Roget's 21st Century Thesaurus, Third Edition Copyright © 2013 by the Philip Lief Group.


It is not fitting for Christians to hold a festival in honor of a heathen god.

My opinion then, is, that he wants to be transported, if he is to turn up such a heathen as that!

The truth is that you were a lady at the Court of Clovis, and I was a heathen captive.

I asked him what were heathen lands, and he said they were countries where heathen lived.

Steadily drearier grew the ocean, flatter all the heathen lands.

Water from here to Naples, water from here to heathen lands.

For I am the start of the voyage—over the ocean to heathen lands!

Some man, however, came by chance that cave within to the heathen hoard.

It was presumed, at least, that everyone was singing a prayer for the heathen.

"If he is a Christian I prefer to be a heathen," he observed.


Old English hæðen "not Christian or Jewish," also as a noun, "heathen man" (especially of the Danes), merged with Old Norse heiðinn (adj.) "heathen, pagan."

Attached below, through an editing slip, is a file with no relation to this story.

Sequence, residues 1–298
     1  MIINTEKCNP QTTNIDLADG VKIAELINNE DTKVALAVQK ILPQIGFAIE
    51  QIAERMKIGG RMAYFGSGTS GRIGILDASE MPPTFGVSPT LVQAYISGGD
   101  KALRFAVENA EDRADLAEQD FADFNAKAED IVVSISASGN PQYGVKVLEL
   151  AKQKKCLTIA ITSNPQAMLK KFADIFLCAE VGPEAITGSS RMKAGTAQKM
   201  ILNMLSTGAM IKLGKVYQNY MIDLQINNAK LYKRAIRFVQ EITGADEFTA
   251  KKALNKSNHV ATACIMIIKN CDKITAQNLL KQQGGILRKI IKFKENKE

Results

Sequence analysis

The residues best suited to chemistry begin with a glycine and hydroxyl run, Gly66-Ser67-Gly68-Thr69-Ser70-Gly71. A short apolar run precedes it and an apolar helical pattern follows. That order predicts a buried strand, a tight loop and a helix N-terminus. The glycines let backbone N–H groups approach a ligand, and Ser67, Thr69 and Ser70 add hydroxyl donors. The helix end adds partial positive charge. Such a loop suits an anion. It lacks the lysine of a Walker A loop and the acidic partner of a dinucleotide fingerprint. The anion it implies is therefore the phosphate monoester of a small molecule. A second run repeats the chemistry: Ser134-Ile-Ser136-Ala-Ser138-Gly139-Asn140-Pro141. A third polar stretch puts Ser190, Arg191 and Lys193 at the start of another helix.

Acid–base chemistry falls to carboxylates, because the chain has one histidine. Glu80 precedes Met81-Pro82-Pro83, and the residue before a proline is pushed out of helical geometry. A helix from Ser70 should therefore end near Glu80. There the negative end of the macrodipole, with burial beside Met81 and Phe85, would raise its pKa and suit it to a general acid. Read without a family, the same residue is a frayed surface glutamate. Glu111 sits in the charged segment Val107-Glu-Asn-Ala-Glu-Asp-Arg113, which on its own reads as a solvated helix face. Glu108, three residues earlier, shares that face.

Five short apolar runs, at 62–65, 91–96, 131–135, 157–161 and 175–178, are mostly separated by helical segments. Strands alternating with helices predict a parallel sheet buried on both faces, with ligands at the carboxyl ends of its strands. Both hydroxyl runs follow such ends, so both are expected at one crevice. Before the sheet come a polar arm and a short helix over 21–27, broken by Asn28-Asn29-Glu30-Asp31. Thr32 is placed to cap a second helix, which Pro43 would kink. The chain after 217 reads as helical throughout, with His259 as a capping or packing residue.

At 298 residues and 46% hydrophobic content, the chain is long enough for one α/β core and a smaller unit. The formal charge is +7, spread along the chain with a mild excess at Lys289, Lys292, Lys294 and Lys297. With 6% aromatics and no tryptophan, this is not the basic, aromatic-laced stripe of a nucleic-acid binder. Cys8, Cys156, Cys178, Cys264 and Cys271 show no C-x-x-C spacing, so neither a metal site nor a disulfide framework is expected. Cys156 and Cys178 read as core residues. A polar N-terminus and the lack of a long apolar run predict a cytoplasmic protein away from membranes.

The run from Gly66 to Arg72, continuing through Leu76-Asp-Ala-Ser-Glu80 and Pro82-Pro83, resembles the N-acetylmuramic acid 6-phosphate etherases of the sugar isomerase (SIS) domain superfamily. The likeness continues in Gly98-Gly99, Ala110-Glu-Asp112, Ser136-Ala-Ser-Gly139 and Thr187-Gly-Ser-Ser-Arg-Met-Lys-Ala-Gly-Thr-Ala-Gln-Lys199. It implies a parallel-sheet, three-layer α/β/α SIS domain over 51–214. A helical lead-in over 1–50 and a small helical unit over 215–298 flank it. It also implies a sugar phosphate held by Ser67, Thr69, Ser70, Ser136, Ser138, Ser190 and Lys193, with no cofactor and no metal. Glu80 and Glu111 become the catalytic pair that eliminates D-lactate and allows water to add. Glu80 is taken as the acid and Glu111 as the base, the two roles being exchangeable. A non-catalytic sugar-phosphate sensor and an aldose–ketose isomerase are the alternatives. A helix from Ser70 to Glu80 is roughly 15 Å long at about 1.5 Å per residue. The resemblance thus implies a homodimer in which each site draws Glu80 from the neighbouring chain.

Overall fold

Perhaps literally "pertaining to one inhabiting uncultivated land," from heath + -en (2). But historically assumed to be from Gothic haiþno "gentile, heathen woman," used by Ulfilas in the first translation of the Bible into a Germanic language (cf. Mark vii:26, for "Greek"); if so it could be a derivative of Gothic haiþi "dwelling on the heath," but this sense is not recorded. It may have been chosen on model of Latin paganus, with its root sense of "rural" (see pagan), or for resemblance to Greek ethne (see gentile), or it may be a literal borrowing of that Greek word, perhaps via Armenian hethanos [Sophus Bugge]. Like other basic words for exclusively Christian ideas (e.g. church) it likely would have come first into Gothic and then spread to other Germanic languages.


Roget's 21st Century Thesaurus, Third Edition Copyright © 2013 by the Philip Lief Group.